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Social engineering attacks and your customers

March 24, 2022

Telesign Team

Understanding the human side of fraud might be the most important aspect of digital security. Trusting in others is natural and something that we need to have a productive society-without it, our very way of life and everyday interactions cease to exist. But the human desire to trust is exploited every day by fraudsters using false pretenses to exploit your users, resulting in data and financial losses to your customer and a diminished reputation for you.  

This article examines the latest types of social engineering attacks and provides the information you need to help protect your customers, company, and reputation.

What are social engineering attacks?

Social engineering attacks occur when fraudsters combine publicly accessible information and manipulative tactics to pressure an unsuspecting victim into providing personal information and other sensitive identification data.  

Bad actors often begin the attacks by collecting information about their targets on social media accounts and websites. Next, they contact the potential victim directly and pose as a trusted connection, such as an employer.  

As outlined below, combining these tactics can quickly lead to compromised credentials and the potential for ATO and large-scale damage and theft.

How do social engineering attacks succeed?

A social engineering attack succeeds by tapping into basic human emotions, both positive and negative, and exploiting them to steal information.  

The following are common emotions fraudsters exploit in a social engineering attack:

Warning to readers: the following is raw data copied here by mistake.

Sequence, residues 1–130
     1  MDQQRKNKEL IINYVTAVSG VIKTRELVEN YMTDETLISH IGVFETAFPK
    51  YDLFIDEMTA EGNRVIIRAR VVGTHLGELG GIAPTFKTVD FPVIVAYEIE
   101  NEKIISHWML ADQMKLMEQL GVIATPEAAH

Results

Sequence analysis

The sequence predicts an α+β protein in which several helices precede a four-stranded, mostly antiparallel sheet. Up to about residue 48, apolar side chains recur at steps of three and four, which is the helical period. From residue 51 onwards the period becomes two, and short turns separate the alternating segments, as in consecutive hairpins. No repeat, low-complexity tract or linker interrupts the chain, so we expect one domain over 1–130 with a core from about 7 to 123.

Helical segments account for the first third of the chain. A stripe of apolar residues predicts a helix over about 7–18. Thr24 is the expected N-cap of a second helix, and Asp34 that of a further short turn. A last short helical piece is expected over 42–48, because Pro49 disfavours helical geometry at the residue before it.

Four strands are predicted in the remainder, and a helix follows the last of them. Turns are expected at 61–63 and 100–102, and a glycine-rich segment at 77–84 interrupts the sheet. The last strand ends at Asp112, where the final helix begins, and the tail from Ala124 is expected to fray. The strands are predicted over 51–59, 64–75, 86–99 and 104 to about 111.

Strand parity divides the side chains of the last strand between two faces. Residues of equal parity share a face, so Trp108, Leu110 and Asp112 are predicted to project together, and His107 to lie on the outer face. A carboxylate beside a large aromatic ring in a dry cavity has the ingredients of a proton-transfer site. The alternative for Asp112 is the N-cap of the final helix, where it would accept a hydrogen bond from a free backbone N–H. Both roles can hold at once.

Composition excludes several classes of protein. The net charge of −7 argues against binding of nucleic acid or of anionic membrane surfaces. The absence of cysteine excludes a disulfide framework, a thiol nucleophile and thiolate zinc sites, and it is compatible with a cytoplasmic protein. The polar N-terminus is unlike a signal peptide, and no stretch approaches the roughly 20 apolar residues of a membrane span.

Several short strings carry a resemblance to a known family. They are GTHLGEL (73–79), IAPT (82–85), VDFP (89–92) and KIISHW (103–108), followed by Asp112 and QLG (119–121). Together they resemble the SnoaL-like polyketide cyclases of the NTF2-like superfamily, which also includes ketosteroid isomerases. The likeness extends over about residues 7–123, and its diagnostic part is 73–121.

• Sympathy. It’s common for a fraudster to play on a person’s sympathy to trick them into providing information. For example, bad actors will pose as the victim’s co-worker or boss and ask for help with a login, password, or other system sign-on data.
  • Profit/greed. Fraudsters understand that humans can act selfishly as well as selflessly, and they use this as another method to steal data. A fraudster may entice a victim into providing account details by offering money or other incentives.
  • Urgency. People don’t always respond well under pressure, so fraudsters often ramp up the urgency in their requests to force the hand of a victim. When a target is told they need to provide their information quickly to keep a (bogus) negative event from happening, they often do what they are asked.
  • Curiosity. Humans are curious creatures, and fraudsters take advantage of this when committing their schemes. Often, they create messaging that has an air of secrecy, mystery, and intrigue to convince a victim that the only way to find out what’s behind the curtain or on the next page is to click a link and/or download a program.

Preventing social engineering attacks

Unfortunately, there is no single solution to stop social engineering-but combining technology with customer education can make it difficult for fraudsters to succeed and reduce the frequency of attacks.  

From the technology side, you need to understand that most social engineering attacks rely on fake account creation and/or use of synthetic identities to succeed. To decrease attacks, add the right mix of procedures, checks, and balances into your onboarding and signup process to ensure users are unable to create synthetic identities and fake accounts to use against your other users.  

Secondly, remember that the goal of most social engineering is digital identity theft. To stop this, implement modern risk-focused systems to monitor for any unusual changes in your customers’ digital identity footprint, and authenticate them each time they make higher-risk transactions, such as password resets or unusual and large financial transfers or purchases.  

Additionally, educating customers can also protect them. Here are a few ways to keep them safe:

  • Encourage the use of antivirus software. Even though they don’t directly prevent social engineering attacks, they should be part of your overall approach to protect personal information.